The annual meeting of the American Society of Clinical Oncology (ASCO) in Chicago, United States has attracted greater clinical interest this time at the treatment of metastatic prostate cancer.
Undoubtedly, the results presented that have most impressed professionals who are dedicated to treating patients with these tumors are those obtained in the CHAARTED study.
So far, the usual clinical practice based on current scientific evidence established as optimal initial treatment of prostate cancer with tumor spread to other organs administering hormone therapy to block the production and activity of male androgens on tumor metastatic cells.
In this trial the survival of patients was compared with this type of cancer that began this hormonal blockade (standard treatment so far) with respect to which, in addition to hormonal blockade, received six cycles of docetaxel based chemotherapy and continued later with hormonal blockade exclusively.
This study showed a striking increase in survival of patients with this cancer receiving hormonal combination chemotherapy compared to those treated only with hormonal blockade. The difference in survival between the two groups of patients was almost a year and a half in favor of the combined treatment group in patients who had a higher number of metastatic sites in bone or visceral involvement, which is an improvement of survival without unprecedented in the field of oncology. In this clinical setting used to seeing increases survival of only two or three months are usually enough to make a new drug or combination thereof for the treatment of a particular tumor is approved, since we know that small increases but continuously just assuming significant successes in the battle against cancer.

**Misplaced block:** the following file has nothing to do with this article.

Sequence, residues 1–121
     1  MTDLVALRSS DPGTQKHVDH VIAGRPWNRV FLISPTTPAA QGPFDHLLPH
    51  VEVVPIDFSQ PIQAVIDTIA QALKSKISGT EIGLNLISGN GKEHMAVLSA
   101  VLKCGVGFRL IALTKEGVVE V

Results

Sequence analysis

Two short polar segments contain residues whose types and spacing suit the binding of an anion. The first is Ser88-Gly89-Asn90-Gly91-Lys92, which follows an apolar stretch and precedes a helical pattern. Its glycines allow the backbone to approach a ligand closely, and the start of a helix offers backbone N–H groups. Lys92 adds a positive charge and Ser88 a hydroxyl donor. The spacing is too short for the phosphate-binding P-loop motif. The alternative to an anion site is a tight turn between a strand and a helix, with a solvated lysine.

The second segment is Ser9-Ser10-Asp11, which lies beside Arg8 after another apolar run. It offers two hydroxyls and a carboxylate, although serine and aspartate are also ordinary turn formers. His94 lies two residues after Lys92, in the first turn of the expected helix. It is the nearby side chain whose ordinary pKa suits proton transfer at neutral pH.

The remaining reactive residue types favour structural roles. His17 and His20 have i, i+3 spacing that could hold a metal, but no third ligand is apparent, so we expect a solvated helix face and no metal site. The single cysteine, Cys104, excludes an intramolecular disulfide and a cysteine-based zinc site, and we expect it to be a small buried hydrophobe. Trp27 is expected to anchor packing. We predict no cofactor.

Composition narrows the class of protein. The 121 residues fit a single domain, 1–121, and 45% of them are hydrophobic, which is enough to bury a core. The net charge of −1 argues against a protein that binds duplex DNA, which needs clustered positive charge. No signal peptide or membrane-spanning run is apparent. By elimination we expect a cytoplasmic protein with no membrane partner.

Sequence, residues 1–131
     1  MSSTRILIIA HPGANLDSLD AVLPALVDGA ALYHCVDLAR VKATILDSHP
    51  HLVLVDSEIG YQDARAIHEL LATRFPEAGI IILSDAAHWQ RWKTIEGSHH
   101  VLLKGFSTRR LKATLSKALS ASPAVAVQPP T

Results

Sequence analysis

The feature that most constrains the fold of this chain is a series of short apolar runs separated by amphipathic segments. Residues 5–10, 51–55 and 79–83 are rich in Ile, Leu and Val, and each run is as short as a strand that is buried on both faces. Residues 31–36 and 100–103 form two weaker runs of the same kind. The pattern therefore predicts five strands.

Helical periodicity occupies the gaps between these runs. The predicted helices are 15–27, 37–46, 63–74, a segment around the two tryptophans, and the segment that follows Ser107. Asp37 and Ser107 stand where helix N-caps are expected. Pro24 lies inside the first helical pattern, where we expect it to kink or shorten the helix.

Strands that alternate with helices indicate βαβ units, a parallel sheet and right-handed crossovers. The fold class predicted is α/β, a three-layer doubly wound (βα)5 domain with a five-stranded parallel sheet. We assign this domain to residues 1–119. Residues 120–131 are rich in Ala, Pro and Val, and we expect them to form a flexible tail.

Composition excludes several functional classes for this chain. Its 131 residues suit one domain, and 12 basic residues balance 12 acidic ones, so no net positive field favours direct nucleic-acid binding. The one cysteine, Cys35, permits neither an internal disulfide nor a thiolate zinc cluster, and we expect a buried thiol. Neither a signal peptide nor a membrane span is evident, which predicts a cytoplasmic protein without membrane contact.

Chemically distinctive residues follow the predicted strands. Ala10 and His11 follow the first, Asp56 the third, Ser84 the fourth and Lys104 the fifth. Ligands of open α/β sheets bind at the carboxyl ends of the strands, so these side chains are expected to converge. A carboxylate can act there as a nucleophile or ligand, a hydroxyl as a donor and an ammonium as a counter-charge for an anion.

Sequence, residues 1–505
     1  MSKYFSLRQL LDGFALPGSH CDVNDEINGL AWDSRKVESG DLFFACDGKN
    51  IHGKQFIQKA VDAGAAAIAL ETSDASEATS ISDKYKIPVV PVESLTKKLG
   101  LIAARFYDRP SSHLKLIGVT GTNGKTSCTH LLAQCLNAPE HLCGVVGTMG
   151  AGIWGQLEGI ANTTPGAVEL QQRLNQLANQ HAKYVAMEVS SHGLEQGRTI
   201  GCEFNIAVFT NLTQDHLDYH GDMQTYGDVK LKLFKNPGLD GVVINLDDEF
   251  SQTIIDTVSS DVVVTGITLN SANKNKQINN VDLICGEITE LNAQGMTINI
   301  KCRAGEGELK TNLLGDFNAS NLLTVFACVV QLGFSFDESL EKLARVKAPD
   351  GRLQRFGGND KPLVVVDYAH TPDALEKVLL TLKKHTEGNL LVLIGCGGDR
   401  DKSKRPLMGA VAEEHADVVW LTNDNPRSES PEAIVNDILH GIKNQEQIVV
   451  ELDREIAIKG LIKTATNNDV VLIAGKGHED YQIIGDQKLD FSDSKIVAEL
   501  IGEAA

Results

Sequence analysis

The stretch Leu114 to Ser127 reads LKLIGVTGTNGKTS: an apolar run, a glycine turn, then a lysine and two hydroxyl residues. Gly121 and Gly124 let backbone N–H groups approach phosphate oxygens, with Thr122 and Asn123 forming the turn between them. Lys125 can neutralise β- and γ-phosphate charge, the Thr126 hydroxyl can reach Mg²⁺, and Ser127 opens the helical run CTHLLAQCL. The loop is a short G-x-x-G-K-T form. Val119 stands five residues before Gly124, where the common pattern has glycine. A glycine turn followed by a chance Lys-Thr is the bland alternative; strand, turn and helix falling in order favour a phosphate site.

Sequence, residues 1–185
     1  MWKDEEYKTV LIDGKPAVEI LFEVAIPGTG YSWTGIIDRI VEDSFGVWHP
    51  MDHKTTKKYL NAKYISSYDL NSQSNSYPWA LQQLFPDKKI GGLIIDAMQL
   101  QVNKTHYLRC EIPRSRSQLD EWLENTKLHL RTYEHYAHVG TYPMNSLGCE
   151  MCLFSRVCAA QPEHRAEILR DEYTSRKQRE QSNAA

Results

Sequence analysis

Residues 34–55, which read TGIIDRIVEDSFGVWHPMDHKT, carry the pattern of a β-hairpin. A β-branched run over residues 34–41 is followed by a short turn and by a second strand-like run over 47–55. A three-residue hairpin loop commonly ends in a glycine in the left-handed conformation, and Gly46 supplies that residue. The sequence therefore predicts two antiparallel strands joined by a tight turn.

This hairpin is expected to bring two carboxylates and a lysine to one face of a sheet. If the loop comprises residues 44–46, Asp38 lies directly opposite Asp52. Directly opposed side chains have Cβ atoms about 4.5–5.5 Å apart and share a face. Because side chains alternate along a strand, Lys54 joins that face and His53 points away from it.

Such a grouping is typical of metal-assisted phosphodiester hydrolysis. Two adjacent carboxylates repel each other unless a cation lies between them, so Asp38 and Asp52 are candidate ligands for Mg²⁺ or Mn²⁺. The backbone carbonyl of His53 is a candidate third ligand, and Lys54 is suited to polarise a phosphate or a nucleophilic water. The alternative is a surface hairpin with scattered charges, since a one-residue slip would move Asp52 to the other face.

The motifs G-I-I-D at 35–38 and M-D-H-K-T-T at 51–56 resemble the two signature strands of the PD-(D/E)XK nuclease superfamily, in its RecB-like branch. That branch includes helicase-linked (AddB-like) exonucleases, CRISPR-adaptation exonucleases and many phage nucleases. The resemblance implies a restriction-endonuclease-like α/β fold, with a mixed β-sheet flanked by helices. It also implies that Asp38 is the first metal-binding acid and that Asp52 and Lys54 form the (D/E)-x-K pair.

It must however be noted that, despite these excellent results raise requiring a change in routine clinical practice, there are still aspects that this study has not clarified yet, including the possible toxicity of chemotherapy, especially in some patients with chronic lung or heart disease or the need to better clarify the subgroup of patients who benefit more with less toxicity is situated.
This trial has been a collaboration of different US hospitals included in the cooperative oncology group ECOG and is a clear example of that with good clinical hypotheses and thanks to the collaboration of different researchers and hospitals, it is possible to advance in increasing survival and quality of life of cancer patients.
Another important aspect of this study is that, from now on, collaboration between urologists and oncologists will be more necessary as they are usually urologists who begin hormone therapy in these patients but now must sit with medical oncologists to decide who need to offer the combination of chemotherapy with hormonal blockade and who it is not the best option.